Nine years ago this summer we purchased a neglected pre-Civil War home sitting on twenty acres in the Shenandoah Valley. Before I’d even visited the property, I’d fallen in love with it. From online photos I could see it offered much of what I’d always wanted: land, privacy, room for gardens and animals, and plenty of space for kids to play and dream. It even had a long, tree-lined driveway.
Fifty years ago today, my parents were married. It was 1966 and the world was changing. Women were attending college in record numbers. Civil Rights laws were being passed. Students around the world were protesting the Vietnam War. Yet in Farmington, New Mexico, Shirley Jackson and Dwight Hansen were in love. Tall and handsome, Dwight was head-over-heels for the feisty, pretty Jackson girl. But Dwight was very shy. Shirley had to take the lead.
My son Clancy turned 16 earlier this month. For his birthday, he really wanted an electric guitar. Clancy has been playing piano for 10 years, but more recently started learning acoustic guitar. He’s hooked. He disappears for hours and reappears only to show me some song he’s “figured out.”
Historically, the word pyramid conjured up images of the great Egyptian tombs—at least until the United States government invented the food pyramid in 1992. The goal was to educate Americans about healthy eating choices by engraving in our minds and culture the image of the food pyramid with its recommended food group servings.
Although I would love to skip winter, I use it to catch up on the projects I put on the back-burner each summer. This winter is no different. Once the fruit tree pruning was done (I pruned roughly 20 trees within the first couple weeks of January).
While salmon is not likely on your mind this holiday season—it should be. Just weeks ago, the FDA approved genetically engineered (GE) salmon, the first altered animal, for human consumption. Up to this point, the only genetically modified organisms (GMOs) consumed by Americans were plants including corn, soy, and sugar. With the approval of the GM salmon introduced by the company AquaBounty comes the future likelihood of more altered animals in our food system.
The cold weather is coming quickly and I’m rushing to beat it. In fact, we already hit freezing overnight temperatures a couple of nights in mid-October. Yet there is food to pick, dig or otherwise gather before I can close all the garden beds. And of course, there is still the store to close.
Last spring Jeff gave me an advanced copy of Rinker Buck’s book, The Oregon Trail: An American Journey. Buck opens his latest book with this line: “I had known long before I rode a covered wagon to Oregon that naiveté was the mother of adventure.” I was hooked. How many adventures in my life were the result of naiveté? Perhaps my whole adult life.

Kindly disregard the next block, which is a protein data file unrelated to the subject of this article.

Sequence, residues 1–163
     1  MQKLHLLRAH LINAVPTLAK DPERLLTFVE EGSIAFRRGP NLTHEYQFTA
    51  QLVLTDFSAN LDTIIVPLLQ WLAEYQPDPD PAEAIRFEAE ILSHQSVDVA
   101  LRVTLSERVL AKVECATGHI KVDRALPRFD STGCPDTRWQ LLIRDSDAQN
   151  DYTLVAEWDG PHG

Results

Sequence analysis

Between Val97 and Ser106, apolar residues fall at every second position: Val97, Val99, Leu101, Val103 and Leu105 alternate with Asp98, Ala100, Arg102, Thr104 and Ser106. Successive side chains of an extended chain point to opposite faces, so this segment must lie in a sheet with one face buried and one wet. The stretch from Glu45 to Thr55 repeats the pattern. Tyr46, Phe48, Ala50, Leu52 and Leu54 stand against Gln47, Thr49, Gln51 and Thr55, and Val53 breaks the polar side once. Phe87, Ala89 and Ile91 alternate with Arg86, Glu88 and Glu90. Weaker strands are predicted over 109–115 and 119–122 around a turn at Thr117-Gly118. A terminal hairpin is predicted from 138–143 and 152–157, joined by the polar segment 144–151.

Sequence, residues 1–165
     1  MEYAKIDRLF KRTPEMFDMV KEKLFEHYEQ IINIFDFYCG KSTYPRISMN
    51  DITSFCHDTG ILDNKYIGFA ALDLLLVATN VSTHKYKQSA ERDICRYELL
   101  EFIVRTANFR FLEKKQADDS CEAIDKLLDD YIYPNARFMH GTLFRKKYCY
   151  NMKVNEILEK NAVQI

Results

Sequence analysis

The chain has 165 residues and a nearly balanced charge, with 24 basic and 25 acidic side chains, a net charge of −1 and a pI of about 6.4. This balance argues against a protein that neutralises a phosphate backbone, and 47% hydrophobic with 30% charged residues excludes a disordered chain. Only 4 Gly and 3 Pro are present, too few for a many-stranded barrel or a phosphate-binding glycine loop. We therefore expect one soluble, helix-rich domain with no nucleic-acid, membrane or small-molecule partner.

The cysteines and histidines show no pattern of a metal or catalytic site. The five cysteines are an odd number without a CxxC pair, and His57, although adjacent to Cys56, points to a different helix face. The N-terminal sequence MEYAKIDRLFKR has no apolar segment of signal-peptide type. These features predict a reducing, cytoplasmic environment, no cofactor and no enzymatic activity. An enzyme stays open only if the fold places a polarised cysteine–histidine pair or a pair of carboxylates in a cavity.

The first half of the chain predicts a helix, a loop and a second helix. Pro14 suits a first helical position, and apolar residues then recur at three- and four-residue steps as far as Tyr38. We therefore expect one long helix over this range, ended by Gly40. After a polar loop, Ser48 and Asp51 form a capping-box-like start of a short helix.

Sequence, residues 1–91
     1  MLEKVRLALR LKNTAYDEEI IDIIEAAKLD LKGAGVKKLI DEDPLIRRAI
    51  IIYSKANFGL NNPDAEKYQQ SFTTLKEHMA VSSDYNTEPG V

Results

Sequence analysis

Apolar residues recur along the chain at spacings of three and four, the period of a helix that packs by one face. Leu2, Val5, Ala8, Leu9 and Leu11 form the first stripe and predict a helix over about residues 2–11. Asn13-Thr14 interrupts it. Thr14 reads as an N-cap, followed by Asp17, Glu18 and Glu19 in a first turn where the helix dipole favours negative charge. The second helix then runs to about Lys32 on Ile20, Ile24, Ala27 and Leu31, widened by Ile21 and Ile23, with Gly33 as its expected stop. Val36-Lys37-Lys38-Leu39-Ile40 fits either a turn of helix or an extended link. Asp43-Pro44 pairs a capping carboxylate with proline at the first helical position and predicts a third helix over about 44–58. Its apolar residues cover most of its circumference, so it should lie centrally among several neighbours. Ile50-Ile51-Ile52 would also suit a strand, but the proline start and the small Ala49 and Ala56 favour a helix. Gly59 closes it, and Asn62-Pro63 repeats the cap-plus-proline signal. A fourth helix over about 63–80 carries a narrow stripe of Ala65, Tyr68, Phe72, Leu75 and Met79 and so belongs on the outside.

This weekend is the grand opening of my very own ice cream store.
This blog post is dedicated to the people whose skills helped make this building my new store…Holy Cow!
If there is such a thing as balance, I find it at the beach.
On July 11, my new ice cream store – HOLY COW! – opened in Buena Vista’s Maury Park. I still wasn’t ready: I hadn’t mastered milkshakes; I needed root beer for floats; and I needed to find a certified kitchen to supply brownies for sundaes. But I was hearing the same message from my husband and my oldest son: just open. So I did. And I’m figuring the rest out as I go.
Some years ago, a wise friend taught me that there is no such thing as balance. With my four children all under the age of ten at the time, imbalance was a daily occurrence for me. Each day was filled with dirty diapers, cooking, cleaning, and toting children, car seats, and diaper bags from one place to another. I often felt guilty that I spent most of my time on the chores of child rearing and not its pleasures. Certainly, there was no time for personal pursuits. My youngest is now nine years old and my oldest almost nineteen. Yet my friend’s message still rings true. I may not have to change diapers and cart strollers everywhere, but my life is still out of balance.
School is out. The garden is young. Strawberries ripen daily. Warm nights filled with fire-flies are just beginning. Summer is here. The brown world of winter is just a memory, replaced by lush, green rolling hills and rippling waves of mountains. For now, summer stretches out before me like an invitation.